Washington, Feb 10 (ANI): A new research has found that young Spanish people were by 2001 taking six years longer than in 1981 to reach full employment, residential and family independence.
The study was carried out by the Autonomous University of Barcelona (UAB), in collaboration with the State University of Campinas (Brazil).
"The objective was to evaluate transformations in the trends of how young people gained their independence in Spain over the last decades of the 20th Century", Pau Miret Gamundi, a researcher at the UAB Centre for Demographic Studies, told SINC.
"Our results show there has been a significant change in the age at which the most intense status changes take place, which were six years later in 2001 than in 1981", said Miret, who is a co-author of the study.
This time lag has been the same for both sexes. In 1981, the average age at which young people gained full independence was 22 for females and 24 for males, while this age had risen by 2001 to 28 and 30, respectively.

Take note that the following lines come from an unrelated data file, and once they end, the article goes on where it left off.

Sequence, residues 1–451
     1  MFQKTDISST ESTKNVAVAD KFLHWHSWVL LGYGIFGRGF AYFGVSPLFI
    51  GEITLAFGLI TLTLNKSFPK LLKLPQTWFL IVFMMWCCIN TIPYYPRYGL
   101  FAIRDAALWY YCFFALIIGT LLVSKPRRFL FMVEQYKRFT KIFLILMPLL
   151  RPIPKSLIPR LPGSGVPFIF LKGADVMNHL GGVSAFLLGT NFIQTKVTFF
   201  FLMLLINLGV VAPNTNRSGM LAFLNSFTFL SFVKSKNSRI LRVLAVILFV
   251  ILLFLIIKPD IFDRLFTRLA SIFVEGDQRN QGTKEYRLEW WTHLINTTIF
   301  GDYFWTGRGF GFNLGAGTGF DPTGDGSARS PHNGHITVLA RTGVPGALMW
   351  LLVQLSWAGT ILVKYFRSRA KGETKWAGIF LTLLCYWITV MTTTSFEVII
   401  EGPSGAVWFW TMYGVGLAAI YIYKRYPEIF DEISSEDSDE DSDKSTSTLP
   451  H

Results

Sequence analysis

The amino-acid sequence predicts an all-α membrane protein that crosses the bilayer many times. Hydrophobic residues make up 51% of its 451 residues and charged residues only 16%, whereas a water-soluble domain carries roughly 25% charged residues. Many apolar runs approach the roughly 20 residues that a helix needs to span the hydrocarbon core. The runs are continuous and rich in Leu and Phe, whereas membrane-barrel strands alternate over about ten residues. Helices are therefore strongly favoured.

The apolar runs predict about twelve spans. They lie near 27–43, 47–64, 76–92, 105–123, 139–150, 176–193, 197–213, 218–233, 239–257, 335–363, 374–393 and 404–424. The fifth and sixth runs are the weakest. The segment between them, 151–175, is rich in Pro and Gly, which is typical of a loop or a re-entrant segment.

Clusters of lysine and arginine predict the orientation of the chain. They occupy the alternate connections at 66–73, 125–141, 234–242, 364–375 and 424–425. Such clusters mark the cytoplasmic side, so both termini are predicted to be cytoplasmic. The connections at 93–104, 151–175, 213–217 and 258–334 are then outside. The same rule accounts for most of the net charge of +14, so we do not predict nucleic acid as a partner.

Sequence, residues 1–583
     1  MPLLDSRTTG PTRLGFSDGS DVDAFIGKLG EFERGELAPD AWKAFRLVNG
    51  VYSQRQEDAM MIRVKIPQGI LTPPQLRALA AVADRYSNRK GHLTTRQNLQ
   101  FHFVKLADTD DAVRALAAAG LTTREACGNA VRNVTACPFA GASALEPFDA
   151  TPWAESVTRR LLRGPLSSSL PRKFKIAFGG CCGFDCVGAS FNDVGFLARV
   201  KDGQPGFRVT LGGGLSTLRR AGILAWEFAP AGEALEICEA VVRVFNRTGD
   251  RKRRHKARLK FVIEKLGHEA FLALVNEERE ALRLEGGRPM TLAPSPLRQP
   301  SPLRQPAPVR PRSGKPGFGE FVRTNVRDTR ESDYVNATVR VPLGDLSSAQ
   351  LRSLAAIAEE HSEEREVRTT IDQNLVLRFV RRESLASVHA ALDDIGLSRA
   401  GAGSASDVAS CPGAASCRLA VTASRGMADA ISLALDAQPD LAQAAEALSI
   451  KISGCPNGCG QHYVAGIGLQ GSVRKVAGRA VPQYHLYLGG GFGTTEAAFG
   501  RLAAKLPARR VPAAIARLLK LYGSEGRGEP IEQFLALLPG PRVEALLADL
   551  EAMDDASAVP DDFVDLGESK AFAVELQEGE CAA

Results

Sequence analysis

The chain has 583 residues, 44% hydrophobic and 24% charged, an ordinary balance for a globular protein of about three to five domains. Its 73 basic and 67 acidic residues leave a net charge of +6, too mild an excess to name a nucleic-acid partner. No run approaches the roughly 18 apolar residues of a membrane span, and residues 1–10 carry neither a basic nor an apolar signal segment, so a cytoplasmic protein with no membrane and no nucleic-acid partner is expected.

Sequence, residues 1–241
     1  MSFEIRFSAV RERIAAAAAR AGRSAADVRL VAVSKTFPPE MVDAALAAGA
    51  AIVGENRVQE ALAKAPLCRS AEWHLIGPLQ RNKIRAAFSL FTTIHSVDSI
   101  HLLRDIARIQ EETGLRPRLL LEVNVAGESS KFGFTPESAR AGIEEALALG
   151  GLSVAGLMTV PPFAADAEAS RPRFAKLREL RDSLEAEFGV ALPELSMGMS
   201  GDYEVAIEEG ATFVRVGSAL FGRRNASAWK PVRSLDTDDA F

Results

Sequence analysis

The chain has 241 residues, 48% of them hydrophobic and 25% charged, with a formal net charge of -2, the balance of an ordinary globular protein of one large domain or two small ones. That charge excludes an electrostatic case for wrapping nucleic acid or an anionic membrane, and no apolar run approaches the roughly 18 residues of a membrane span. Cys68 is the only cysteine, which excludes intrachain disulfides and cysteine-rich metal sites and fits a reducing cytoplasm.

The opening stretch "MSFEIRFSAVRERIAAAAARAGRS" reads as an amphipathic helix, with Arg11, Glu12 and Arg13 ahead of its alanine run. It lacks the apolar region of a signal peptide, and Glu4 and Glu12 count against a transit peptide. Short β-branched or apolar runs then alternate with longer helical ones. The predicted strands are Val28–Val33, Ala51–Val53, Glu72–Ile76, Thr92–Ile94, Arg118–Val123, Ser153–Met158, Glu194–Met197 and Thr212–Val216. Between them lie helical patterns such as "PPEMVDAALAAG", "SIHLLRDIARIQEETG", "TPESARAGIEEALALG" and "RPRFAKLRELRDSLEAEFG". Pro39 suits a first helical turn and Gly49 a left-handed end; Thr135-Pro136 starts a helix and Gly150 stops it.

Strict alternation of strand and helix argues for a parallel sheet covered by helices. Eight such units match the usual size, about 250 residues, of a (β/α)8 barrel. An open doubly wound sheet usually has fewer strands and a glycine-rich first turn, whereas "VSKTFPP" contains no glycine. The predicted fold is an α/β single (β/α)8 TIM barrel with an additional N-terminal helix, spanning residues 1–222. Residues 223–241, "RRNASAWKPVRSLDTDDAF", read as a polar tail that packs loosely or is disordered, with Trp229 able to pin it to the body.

The study is based on data from the Spanish censuses for this period, which were provided by the University of Minnesota (USA).
The 1973 recession is considered to be one of the reasons for the growth in university education in the 1970s.
"The constant sensation of instability makes it hard for young people to achieve full autonomy and residential independence", the authors said.
The experts say investment in education "is part of the dynamic of the labour market", in other words, young people prolong their studies in the hope of increasing their career opportunities, putting their other personal plans on the back burner.
The study has been published in the journal REIS. (ANI)